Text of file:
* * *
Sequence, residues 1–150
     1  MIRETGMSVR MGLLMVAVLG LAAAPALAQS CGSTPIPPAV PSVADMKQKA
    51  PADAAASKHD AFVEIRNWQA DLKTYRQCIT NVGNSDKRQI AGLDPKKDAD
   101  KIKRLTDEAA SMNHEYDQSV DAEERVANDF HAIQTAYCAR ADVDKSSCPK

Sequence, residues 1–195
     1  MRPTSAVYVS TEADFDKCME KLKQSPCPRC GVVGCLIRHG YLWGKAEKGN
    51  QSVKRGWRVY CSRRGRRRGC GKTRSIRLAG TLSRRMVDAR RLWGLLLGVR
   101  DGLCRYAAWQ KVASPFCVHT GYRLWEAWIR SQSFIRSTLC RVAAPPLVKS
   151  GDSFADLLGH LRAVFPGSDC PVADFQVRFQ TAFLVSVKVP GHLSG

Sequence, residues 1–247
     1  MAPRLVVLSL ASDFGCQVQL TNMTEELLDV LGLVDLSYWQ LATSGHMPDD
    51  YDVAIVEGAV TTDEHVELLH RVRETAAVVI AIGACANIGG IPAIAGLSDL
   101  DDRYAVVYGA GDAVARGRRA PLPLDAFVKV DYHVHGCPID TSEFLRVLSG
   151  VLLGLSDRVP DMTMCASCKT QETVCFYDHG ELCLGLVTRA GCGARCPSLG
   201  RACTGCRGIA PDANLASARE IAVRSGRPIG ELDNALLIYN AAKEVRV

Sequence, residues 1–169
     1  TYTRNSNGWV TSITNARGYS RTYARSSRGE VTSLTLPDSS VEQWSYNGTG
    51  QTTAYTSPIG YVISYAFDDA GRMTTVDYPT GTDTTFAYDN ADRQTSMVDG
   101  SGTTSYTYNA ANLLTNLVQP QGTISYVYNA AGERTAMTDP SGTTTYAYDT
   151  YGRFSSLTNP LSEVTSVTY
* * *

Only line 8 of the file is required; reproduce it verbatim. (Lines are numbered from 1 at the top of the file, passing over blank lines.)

   101  DGLCRYAAWQ KVASPFCVHT GYRLWEAWIR SQSFIRSTLC RVAAPPLVKS